Eph receptor tyrosine kinases in angiogenesis: from development to disease

Angiogenesis. 2004;7(1):17-28. doi: 10.1023/B:AGEN.0000037340.33788.87.


Angiogenesis, the process by which new blood vessels sprout and branch from existing vasculature, is crucial for vascular remodeling during embryogenesis and in normal tissue homeostasis, such as in the female reproductive tract. Angiogenesis can also contribute to the pathogenesis of diseases such as cancer and retinopathy. The Eph family of receptor tyrosine kinases and their ligands, called ephrins, has emerged as critical regulators of vascular remodeling in the embryo. More recently, these molecules have been associated with post-natal angiogenic remodeling and tumor neovascularization. This review provides an overview of recent advances in our understanding of Eph/ephrins in angiogenesis, with an emphasis on development and disease, and the potential for targeting these molecules in anti-angiogenic therapy.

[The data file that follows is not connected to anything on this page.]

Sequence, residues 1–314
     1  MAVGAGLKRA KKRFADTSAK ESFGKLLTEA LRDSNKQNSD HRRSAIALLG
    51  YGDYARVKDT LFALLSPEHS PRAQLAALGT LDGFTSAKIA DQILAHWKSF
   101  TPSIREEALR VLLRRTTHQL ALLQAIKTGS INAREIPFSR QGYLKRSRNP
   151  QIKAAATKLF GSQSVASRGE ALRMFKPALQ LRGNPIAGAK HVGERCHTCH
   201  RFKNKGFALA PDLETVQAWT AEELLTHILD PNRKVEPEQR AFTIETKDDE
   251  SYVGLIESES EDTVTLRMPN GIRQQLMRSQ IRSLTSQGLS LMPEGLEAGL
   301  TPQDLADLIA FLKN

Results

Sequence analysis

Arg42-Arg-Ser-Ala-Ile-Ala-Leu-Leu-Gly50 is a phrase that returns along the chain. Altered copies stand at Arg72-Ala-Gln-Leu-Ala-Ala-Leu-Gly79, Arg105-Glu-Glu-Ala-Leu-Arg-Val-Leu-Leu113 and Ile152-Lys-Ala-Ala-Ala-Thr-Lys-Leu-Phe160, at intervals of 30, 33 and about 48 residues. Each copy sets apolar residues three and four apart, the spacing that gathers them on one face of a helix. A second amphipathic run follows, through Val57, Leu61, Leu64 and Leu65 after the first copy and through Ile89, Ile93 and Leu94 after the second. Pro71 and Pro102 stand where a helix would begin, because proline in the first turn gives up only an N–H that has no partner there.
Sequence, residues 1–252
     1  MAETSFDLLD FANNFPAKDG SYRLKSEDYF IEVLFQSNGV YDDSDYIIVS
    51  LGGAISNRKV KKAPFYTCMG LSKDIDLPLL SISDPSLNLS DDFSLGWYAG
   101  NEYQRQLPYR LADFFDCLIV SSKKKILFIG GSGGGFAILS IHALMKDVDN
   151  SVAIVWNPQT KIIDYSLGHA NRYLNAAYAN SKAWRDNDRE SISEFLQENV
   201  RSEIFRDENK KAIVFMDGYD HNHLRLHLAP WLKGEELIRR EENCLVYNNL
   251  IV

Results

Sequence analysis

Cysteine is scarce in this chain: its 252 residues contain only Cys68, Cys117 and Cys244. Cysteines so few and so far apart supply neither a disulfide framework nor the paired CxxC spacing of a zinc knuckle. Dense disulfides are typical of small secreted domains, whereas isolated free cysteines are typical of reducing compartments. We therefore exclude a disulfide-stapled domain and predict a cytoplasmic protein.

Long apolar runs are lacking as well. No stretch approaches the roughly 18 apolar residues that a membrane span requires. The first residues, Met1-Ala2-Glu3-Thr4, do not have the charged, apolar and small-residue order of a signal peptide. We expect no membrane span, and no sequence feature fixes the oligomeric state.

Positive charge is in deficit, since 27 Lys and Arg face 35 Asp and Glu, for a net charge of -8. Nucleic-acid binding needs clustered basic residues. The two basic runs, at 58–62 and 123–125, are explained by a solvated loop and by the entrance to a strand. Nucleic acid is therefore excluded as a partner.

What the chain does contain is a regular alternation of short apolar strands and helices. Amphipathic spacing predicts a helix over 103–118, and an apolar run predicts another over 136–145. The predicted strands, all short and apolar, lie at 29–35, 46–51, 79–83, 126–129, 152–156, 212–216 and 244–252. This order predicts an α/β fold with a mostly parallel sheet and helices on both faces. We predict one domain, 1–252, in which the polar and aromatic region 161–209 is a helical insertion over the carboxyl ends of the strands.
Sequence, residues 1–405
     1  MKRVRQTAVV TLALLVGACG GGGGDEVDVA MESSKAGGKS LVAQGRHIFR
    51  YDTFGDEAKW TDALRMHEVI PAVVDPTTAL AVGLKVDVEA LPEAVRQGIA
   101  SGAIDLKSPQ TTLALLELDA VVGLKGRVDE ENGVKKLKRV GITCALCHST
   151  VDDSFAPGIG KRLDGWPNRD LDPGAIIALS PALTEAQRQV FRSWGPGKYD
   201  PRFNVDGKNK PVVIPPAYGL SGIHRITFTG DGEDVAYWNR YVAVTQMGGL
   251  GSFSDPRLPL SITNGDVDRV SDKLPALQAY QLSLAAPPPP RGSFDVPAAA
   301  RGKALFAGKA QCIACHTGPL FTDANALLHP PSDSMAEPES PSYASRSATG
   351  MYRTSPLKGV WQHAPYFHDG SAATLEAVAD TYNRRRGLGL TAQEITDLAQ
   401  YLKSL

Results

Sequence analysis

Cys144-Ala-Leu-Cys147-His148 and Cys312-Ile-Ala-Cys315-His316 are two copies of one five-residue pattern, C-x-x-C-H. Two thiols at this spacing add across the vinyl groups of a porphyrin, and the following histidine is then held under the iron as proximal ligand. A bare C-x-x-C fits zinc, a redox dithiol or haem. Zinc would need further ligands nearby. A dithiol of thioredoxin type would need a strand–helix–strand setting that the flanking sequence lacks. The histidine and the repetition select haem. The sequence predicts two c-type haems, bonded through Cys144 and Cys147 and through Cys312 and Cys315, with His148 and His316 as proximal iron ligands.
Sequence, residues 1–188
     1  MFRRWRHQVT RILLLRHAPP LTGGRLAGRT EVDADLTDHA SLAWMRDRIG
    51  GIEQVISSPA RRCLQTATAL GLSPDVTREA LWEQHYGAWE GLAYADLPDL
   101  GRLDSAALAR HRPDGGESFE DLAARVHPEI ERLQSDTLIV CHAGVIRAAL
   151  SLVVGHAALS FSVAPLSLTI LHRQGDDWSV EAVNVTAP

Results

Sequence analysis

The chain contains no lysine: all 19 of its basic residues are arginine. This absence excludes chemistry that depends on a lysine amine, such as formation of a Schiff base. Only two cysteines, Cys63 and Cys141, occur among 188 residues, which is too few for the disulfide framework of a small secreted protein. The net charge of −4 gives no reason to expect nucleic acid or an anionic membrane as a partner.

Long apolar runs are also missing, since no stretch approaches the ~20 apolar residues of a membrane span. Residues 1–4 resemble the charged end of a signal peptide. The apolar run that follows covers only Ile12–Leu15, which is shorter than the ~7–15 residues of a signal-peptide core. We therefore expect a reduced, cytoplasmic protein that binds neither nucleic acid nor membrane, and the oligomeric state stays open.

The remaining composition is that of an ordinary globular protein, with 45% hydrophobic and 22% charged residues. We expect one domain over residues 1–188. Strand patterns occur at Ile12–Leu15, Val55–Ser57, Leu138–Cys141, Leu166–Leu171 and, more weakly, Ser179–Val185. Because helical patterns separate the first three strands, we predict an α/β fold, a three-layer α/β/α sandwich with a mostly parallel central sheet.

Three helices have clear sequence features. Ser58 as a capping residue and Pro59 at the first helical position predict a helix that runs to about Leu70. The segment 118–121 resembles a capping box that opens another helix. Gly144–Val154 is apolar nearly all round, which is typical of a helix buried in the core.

Publication types

  • Research Support, Non-U.S. Gov't
  • Research Support, U.S. Gov't, Non-P.H.S.
  • Research Support, U.S. Gov't, P.H.S.
  • Review

MeSH terms

  • Animals
  • Humans
  • Ligands
  • Neovascularization, Pathologic / drug therapy
  • Neovascularization, Pathologic / enzymology
  • Neovascularization, Pathologic / etiology*
  • Neovascularization, Physiologic / drug effects
  • Neovascularization, Physiologic / physiology*
  • Receptor, EphA1 / antagonists & inhibitors
  • Receptor, EphA1 / physiology*


  • Ligands
  • Receptor, EphA1